African Journal of History and Culture
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Article Number - 6FBF2C663383


Vol.9(3), pp. 15-26 , March 2017
DOI: 10.5897/AJHC2016.0349
ISSN: 2141-6672



Full Length Research Paper

Change and continuity in the indigenous institution of Qoollee deejjoo ritual practice and its role in forest resource management among the Kafecho: The case of Gimbo Woreda



Zegeye W/Mariam
  • Zegeye W/Mariam
  • Bonga College of Teachers Education, History and cultural studies, mekelle university. Ethiopia.
  • Google Scholar







 Received: 13 December 2016  Accepted: 14 February 2017  Published: 31 March 2017

Copyright © 2017 Author(s) retain the copyright of this article.
This article is published under the terms of the Creative Commons Attribution License 4.0


This ethnographic article explores the changes and continuities of indigenous Qoollee Deejjoo ritual practice, and its role in forest resource management among Kafecho peoples. The Kafecho people, who live in Southwestern Ethiopia have enormous indigenous intangible ritual practices which have never been well investigated and recognized clearly. This study focuses on Qoollee deejjoo ritual practice in Gimbo woreda. The above study site is selected as the main study area based on the availability of indigenous ritual practice, and the researcher’s personal experience. The researcher employed qualitative methods of data collection and analysis techniques. The major findings of the research pointed that Qoollee Deejjoo is a thanksgiving sacrifice ceremony to forest spirit (Qoolloo).  This research also shows that the ritual ceremony performed under forested landscape is symbolic reminder of the worshipers and their survival, which depends on the forest. Hence, the ritual practice recognizes and honors the ethics and taboos of forested landscape for what it is.   The sacrifice ceremony is exclusive. In addition, it plays a significant role in maintaining social coexistences, conflict settlement among its adherents.  Based on the research finding there are changes in the ritual practice. These changes include reduction in the number of participants, reduction in the number of the ritual places, clearance of the sacred ritual forest for other purpose and reluctant towards the norms, taboos and values of the ritual practice. Some of the agents for these changes are change in the belief system due to currently spreading evangelical Protestant missionaries, cultural diffusion due to ‘Westernization’ narratives, the state led intervention and its contradictions with local socio-cultural dynamics, and disempowerment of local cultural practices.  Finally, though there is big pressure and discouragement from internal and external dynamics against the practice of Qoollee Deejjoo, it is still representing the religious belief and cultural identity of its adherents in the study area.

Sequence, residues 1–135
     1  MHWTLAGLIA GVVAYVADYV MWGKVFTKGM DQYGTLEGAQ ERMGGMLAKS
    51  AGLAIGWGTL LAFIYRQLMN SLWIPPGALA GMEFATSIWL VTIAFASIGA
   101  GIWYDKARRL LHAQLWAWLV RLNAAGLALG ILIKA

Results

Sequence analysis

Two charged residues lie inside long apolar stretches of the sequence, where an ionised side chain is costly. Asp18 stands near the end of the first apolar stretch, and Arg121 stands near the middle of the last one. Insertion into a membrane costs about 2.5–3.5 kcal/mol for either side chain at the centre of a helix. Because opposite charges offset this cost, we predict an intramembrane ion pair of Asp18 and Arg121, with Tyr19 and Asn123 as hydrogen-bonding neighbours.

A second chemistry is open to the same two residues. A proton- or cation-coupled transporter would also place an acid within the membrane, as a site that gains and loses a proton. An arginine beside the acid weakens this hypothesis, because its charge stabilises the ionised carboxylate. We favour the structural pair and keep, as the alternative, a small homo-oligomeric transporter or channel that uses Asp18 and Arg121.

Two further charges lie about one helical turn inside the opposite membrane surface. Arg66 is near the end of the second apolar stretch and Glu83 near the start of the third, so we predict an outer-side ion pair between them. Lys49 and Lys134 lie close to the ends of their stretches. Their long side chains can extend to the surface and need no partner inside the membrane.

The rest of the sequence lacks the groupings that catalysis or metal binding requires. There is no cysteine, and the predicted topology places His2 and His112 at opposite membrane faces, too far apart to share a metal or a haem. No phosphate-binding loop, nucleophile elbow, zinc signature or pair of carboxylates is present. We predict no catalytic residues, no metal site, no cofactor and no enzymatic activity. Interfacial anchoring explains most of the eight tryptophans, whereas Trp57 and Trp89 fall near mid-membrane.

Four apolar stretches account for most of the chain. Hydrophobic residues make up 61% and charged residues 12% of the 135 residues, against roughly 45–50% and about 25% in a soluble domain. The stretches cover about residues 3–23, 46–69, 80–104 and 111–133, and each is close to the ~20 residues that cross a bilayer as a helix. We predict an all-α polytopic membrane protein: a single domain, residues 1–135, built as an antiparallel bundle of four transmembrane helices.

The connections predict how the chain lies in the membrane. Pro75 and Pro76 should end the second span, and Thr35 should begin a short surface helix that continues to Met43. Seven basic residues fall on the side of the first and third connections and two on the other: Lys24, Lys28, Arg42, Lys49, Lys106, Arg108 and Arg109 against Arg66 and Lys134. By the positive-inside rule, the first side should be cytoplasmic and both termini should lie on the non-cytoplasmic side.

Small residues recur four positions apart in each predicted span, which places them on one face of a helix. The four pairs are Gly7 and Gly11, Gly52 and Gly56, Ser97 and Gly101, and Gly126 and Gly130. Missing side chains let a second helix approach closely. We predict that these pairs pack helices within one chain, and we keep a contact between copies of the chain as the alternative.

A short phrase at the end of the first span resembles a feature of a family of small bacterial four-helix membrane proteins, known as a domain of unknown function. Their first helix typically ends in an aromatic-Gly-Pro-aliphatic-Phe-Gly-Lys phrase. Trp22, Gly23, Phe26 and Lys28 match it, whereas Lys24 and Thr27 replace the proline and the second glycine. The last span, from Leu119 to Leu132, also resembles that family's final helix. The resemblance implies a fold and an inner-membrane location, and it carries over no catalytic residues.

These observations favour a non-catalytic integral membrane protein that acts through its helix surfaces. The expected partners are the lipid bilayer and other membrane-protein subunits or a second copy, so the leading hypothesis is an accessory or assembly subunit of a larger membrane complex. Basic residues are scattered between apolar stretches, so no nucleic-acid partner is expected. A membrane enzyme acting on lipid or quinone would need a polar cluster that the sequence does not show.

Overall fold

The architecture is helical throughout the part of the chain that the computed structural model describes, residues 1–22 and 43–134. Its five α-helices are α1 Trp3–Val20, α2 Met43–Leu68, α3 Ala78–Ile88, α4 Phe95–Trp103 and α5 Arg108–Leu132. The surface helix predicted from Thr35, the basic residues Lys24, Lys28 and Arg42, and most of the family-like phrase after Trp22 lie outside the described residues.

Key words: Qoolloo, Qoollee Deejjoo, ritual practice, indigenous institution, sacred forest.

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APA Zegeye, W. M. (2017). Change and continuity in the indigenous institution of Qoollee deejjoo ritual practice and its role in forest resource management among the Kafecho: The case of Gimbo Woreda. African Journal of History and Culture, 9(3), 15-26.
Chicago Zegeye W/Mariam. "Change and continuity in the indigenous institution of Qoollee deejjoo ritual practice and its role in forest resource management among the Kafecho: The case of Gimbo Woreda." African Journal of History and Culture 9, no. 3 (2017): 15-26.
MLA Zegeye W/Mariam. "Change and continuity in the indigenous institution of Qoollee deejjoo ritual practice and its role in forest resource management among the Kafecho: The case of Gimbo Woreda." African Journal of History and Culture 9.3 (2017): 15-26.
   
DOI 10.5897/AJHC2016.0349
URL http://academicjournals.org/journal/AJHC/article-abstract/6FBF2C663383

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